These might sound like a collection of lofty goals, but I think it’s essential to talk about what you want your family to aspire to collectively.  For us, it gives us a sense that we’re all in this together and is the foundation of our family’s culture.  I love the thought that one day our kids will grow up and talk about what we did in our family and they will see the threads of these goals woven through their lives.

So…bringing that back to homeschooling:  we feel that at this point in time, homeschooling seems to fit in the best with these priorities and values.  Having said that, we are definitely going to be making this decision on a year by year basis, as well as basing it on Zion’s needs as a child and student (and eventually Phoenix and the baby, of course).

Speaking of, that was another huge part of the “why”: Zion is a very self-motivated learner, but is also a pretty typical high-energy kid too.  We knew he could handle a non-traditional school setting where he will have more freedom to get outside and be active rather than just sitting in a desk the majority of the day.  He has always thrived and learned so well at home, and once we balance that with his extracurricular activities, I think he’s going to get a very well-rounded experience this year.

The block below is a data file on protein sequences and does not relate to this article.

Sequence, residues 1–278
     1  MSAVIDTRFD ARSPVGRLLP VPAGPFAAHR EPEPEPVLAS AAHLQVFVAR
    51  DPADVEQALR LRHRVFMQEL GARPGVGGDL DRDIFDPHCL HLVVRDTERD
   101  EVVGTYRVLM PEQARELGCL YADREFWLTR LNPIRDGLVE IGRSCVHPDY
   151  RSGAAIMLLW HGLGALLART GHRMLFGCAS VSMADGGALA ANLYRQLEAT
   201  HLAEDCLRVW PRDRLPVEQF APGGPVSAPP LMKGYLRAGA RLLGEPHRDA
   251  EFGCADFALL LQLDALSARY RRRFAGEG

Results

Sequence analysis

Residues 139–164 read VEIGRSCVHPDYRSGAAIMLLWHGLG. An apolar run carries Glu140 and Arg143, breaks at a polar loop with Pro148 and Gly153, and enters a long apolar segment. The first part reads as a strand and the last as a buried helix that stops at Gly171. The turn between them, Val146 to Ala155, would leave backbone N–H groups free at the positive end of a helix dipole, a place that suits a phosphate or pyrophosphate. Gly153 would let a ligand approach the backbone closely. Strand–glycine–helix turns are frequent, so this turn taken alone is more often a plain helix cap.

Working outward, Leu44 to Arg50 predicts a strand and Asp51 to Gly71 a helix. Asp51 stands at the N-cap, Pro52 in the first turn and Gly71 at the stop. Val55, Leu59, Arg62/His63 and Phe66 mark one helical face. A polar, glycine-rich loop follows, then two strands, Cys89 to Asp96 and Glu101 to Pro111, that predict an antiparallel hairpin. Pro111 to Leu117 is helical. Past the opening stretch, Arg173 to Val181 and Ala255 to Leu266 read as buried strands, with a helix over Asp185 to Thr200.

Finally, we are NOT homeschooling to “shelter” our kids from “the world”, because we hate public schools, or any other restrictive or fear-filled reason.  This is a highly personal decision to make, and if those are another family’s reasons, we wouldn’t judge them for that…but they just aren’t ours.

2. Do you feel qualified to teach?

If this is a polite way of asking am I qualified to teach, I guess the official answer would be no—I don’t have a teaching degree and only took a few early childhood classes in college.  BUT, Paul and I both have always been good students and still enjoy learning to this day, so we’re motivated and ready for the challenge!  (And he actually is a certified teacher, although I’ll be the primary teacher at home)

Though it sounds cliche, I do believe parents are the experts on their own children, and I think with the right resources to help us, we’ll do just fine.

3. Is Zion excited about homeschooling?  Does he want to do this?

Yes and no.  He’s excited about being home with me for another year.  He’s excited about the things he’ll be learning and the activities we have planned.  He’s excited about starting school and being a big kid.